Phone and mobile



A personal profile should be around 3-4 sentences long. It needs to show that you understand the job description and can do the job.  Your profile should show that you have read the advertisement, understand what kind of person they are looking for, and that you have and experience needed to do the job. Your profile will need to be changed for each application!

Avoid using the phrases “hard working”, ‘’enthusiastic’’, ‘’team player’’ as everybody writes it and it doesn’t mean anything.

A personal profile example (for a Customer Service role)

Having worked in Customer Service for over five years, I am comfortable with dealing with customers both face to face and over the phone. I am confident with all Microsoft applications and I am a quick learner of office computer programmes. I am seeking a job at this company because I love the challenges that a customer service job has on a day to day basis.

As you can see, the above example doesn’t waste time with listing how great you are, but that you naturally fit into the job well. The advert asked for people with experience in varied roles in customer service, IT skills and good communication skills so this profile simply shows it.


Key skills are your own skills that match up to the job that is advertised. You should avoid writing lists but instead say WHY you have these skills by giving some examples.


  • Good communication skills gained from teaching children and dealing with parents tactfully and diplomatically.
  • First-rate IT Skills: proficient user of Microsoft Word, Excel, Outlook, and PowerPoint
  • Excellent sales skills, achieved over £1.5m in sales for previous company, never missed a target and helped sales team achieve over 15% of target within the financial year.

If they are advertising for people with good IT skills, experience or anything specific, you need to add it.  If the advert doesn’t say much about the skills research the job profile on:

Make sure you include any cards and licences.


This part shows that you have the necessary experience to do the job. Put most current jobs (including voluntary work) first and work backwards. No need to describe more than your 5 previous jobs or 10 years work experience unless you really have to. They don’t want to know about your paper round 20 years ago.

Use bullet points to describe your previous job roles. Look at the job advertisement and see what sort of experience they are looking for and add what you have done in your previous job that will match that experience. Keep it relevant. Use ACTION WORDS as they create a strong impression of achievement, ability, activity & clearly communicate your contribution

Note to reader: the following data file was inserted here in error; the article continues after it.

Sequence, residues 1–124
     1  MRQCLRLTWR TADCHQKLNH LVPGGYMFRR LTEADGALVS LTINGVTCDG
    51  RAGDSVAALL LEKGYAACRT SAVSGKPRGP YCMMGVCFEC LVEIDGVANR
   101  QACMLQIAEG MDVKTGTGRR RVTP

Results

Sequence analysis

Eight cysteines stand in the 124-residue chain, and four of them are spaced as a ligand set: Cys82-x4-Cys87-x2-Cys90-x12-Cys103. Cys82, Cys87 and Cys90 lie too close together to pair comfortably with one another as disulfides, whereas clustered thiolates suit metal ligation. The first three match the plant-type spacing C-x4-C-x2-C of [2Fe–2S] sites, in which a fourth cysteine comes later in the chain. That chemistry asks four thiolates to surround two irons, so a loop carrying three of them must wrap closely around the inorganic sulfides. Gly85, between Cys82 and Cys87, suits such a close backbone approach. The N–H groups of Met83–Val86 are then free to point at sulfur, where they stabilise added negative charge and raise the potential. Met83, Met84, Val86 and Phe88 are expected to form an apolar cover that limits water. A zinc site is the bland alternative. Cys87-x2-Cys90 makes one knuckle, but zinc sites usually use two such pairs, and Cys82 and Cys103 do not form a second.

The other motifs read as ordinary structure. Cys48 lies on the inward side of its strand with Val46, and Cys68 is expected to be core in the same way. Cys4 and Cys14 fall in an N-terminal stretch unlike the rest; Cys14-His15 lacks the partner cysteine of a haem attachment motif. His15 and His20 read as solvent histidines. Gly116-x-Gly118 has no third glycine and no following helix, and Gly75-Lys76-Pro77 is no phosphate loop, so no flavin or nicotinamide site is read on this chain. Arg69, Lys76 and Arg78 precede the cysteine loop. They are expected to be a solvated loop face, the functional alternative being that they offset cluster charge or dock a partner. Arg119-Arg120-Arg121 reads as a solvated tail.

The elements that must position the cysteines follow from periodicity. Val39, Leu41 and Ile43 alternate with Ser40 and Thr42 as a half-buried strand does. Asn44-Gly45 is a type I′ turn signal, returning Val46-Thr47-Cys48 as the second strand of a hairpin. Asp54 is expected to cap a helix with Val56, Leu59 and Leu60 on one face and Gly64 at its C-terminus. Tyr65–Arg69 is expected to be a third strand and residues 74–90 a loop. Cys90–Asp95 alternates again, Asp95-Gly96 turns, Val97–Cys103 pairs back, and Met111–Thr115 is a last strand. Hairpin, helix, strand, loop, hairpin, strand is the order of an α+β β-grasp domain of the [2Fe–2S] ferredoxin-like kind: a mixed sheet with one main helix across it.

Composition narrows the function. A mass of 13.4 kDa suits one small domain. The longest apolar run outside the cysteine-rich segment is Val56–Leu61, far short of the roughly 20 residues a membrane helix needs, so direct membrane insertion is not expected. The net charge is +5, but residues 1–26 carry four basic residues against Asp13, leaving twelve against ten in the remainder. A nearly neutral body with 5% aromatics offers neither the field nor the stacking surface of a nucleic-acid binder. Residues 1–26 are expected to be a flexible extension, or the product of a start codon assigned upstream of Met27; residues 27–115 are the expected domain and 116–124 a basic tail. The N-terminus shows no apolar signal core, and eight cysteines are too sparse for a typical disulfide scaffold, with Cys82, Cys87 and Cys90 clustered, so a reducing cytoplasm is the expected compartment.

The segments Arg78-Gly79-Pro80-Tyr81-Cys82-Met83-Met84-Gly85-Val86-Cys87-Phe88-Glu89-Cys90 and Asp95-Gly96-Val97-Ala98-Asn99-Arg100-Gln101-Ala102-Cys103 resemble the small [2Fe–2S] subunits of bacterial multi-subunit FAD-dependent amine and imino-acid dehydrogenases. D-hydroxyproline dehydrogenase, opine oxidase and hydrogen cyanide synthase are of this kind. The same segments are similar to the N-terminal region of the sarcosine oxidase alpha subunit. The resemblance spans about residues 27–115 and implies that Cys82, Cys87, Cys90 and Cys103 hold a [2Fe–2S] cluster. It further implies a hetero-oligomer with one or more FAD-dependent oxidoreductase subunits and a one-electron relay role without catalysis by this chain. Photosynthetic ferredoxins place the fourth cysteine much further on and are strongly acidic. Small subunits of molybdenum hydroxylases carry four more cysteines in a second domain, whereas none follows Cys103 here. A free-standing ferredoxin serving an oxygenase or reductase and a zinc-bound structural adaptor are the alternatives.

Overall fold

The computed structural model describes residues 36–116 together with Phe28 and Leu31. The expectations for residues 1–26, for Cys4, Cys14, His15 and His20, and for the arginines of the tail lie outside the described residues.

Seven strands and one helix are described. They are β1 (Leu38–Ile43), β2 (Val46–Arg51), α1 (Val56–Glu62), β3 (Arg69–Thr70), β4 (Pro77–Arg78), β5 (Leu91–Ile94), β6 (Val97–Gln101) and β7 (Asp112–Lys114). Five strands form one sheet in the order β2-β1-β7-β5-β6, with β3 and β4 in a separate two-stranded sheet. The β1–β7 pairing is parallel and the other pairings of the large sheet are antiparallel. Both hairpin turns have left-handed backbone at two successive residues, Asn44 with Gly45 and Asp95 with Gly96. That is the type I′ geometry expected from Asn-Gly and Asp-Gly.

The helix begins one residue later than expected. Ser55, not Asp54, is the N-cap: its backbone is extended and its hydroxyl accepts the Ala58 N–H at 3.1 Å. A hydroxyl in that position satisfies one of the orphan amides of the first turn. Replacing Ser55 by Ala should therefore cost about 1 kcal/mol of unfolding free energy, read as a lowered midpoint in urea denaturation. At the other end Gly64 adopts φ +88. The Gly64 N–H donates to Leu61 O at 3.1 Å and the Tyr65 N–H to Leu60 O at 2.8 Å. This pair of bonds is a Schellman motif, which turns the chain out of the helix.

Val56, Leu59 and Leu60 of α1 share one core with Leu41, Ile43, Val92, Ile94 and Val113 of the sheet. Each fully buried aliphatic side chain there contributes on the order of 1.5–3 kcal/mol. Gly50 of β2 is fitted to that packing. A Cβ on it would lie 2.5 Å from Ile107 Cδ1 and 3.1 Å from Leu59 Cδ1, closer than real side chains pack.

to the job. Examples:  sold, delivered, developed, improved, negotiated. Rather than write I was a member of our course committee, you could write I was elected to course committee and represented student views to senior staff.


Moonbucks  LTD                          Administrative Assistant                                                 2010 – 2012

Duties included:

•     Provided general secretarial and administrative support to all departments

•    Organised internal and external meetings, travel itineraries, professional lunches and events

•     Responded to customers email and telephone inquiries


If you have a degree or equivalent qualifications put them here.
Put your A’levels or GCSEs in grade order. Or list those you passed. Don’t add primary school

If you did not complete education or you do not want to add your education, you don’t need to. Instead the next section will be more useful for you as you will be able to add all your relevant skills which in many cases are more important than formal education.

Additional Skills & Training

Many people attend workshops or short courses that are directly related to your job, for example health and safety courses. If relevant, add it to your CV. Even that half day seminar you attended and almost fell asleep in can be useful on your CV, but only if it is relevant.


Many people get worried about what to put as “interests”. Don’t be concerned as this isn’t as important as you may think. Some employers see interests as proof of a good work/life balance. But overall this will not get you a job or interview. If you wish to add them, add appropriate interests to your CV. Include interests that are an evidence of creativity, personality and enthusiasm. The example could be volunteering or taking part in charity sports events.


Usually put “Available on request” and don’t list the names and contact details. Be ready to supply the references and make sure you contact people who agreed to give you references before you give their details to a potential employer. That way you make sure they are happy to get a call, and they are expecting it rather it being a shock.

But if there is a job that you have got through a contact or your networks and you are emailing direct. Then put them in.